What is a moat in business? How to identify companies with moat? | Value Research What is a moat? How can investors find companies with a moat? Read on to know the moat meaning in business and economic moat meaning, and what are the five things that tells if a business has a moat.
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Five pointers to find a moat

What is a moat? How can investors find companies with a moat?

A 'moat' means a wide ditch filled with water (maybe has crocodiles too!) around a castle to protect it. The investing legend, Warren Buffet loves moat, not this one but the economic moat that companies have. What does moat mean in a company's context? It is a competitive advantage that may also act as a barrier that helps the company to maintain its market position and not allow others to beat it.

Now, it is easier said than done. Identifying a moat takes experience and patience. Still, as an amateur, how can you know whether a company has a moat? Here are some pointers:

  • Strong brand: This is obvious. When a company has strong brand recognition, it becomes very difficult for others to beat it or even come close. A great example is Nestle's Maggi which continued to have significant brand recognition despite all the allegations back in 2015. Another great example is Nike in the sports shoe segment.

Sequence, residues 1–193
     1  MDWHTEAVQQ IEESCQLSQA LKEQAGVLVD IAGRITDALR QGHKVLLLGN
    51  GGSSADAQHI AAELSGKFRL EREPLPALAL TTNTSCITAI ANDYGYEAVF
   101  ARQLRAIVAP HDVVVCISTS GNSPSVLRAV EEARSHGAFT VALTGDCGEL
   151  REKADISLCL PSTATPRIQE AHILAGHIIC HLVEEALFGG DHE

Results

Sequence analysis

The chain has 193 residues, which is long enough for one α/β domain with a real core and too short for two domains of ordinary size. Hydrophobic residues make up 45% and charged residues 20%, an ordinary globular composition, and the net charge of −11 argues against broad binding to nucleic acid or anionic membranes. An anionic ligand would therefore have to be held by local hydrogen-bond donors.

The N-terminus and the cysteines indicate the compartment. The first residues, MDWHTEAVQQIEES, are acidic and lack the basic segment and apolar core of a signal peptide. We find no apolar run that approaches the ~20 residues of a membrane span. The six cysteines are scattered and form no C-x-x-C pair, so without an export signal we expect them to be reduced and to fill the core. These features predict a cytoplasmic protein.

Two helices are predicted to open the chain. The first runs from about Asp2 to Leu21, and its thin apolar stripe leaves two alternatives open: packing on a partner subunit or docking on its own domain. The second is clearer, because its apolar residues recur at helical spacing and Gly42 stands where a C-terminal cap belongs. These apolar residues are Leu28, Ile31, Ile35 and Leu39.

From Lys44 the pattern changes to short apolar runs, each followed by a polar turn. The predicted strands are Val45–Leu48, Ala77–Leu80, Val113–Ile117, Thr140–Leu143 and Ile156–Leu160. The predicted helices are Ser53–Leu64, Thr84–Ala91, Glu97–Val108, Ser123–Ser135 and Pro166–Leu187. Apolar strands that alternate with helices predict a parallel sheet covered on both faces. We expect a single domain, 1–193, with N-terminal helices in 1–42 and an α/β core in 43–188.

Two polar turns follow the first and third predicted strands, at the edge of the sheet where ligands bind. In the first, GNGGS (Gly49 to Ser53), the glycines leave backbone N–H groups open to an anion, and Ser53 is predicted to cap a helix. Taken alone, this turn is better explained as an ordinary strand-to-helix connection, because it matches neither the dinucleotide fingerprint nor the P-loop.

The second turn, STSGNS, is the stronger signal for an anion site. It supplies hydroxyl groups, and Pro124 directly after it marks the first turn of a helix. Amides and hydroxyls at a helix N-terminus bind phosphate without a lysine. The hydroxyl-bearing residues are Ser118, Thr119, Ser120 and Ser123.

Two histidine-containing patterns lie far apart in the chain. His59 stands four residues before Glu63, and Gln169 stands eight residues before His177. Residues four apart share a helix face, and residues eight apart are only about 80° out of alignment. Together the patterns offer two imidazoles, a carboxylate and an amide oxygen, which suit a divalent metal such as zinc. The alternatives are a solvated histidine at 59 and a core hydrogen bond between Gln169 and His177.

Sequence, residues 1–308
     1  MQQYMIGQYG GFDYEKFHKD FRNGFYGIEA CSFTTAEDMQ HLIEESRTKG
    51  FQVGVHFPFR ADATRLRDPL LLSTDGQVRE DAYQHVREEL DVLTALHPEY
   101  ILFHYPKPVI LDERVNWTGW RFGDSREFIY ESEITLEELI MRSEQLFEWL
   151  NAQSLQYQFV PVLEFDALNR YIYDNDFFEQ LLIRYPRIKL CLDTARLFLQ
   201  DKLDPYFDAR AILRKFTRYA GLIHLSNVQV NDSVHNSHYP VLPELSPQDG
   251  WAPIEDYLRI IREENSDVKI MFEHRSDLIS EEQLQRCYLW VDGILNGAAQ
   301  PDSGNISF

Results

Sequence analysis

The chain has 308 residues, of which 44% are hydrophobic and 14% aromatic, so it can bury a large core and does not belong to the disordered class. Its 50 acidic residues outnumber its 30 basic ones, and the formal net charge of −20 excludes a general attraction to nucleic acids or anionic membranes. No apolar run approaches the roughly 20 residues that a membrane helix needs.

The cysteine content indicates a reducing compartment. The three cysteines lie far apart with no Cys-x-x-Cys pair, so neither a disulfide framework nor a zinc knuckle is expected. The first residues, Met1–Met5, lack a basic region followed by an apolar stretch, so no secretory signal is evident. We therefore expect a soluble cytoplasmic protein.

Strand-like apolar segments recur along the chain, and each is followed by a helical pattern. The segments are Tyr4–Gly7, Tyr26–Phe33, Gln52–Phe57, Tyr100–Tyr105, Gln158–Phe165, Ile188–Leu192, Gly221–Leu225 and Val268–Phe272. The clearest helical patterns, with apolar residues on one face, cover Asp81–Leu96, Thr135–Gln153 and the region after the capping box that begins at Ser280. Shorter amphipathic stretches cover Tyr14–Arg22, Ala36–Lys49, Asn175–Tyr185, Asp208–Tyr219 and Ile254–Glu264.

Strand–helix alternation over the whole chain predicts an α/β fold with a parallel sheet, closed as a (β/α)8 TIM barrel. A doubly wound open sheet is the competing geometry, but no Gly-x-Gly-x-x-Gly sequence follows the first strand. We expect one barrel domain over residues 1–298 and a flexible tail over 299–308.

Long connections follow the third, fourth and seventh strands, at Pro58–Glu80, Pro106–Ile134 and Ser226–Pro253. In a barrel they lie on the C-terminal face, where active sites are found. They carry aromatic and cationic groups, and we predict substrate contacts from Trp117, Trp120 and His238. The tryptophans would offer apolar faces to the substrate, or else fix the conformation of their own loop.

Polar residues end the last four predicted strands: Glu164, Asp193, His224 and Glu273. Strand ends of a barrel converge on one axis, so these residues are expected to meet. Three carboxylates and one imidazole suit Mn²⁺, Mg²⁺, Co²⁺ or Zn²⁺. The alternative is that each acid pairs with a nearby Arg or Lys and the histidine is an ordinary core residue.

• Great distribution: Companies require many years to spread their distribution. Hence, companies with widespread distribution are in a prime position. Kurkure, Parle-G, and Britannia biscuits are some of the best examples as these seem to be omnipresent. No matter where you are in India, you can easily find these.
  • Costly to imitate: Let's say that a company has a feature/technique. How easily can a competitor copy this? That's the question. It is costly to imitate and copy features, methods, and techniques in industries where high and efficient R&D is required. Intel is a great example here. With the help of high and consistent R&D, the company has been able to retain its position as the market leader for years despite a recent nudge from AMD and its low-cost processors.
  • High switching cost: If it's difficult to switch from something to another, the former can be said to have a moat. Microsoft Windows in the case of the operating system is a great example. If one becomes used to it, it is difficult to switch to another operating system. The same goes for the Apple ecosystem. When one starts using multiple Apple products, it becomes extremely difficult for them to leave that ecosystem.
  • Low cost: A low-cost producer can drive its competitors out of business. It can sell its product at wafer-thin margins, which its competitors can't emulate. A great example is McDonald's. There are several fast food outlets in the US but why is McDonald's still the leader? This is because of the price at which it offers its products and services. The company literally has something called a 'Dollar menu' where you can buy food at just $1, $2, and $3.

Suggested read:

Six parameters to look for in a company before investing

Five factors to analyse a business


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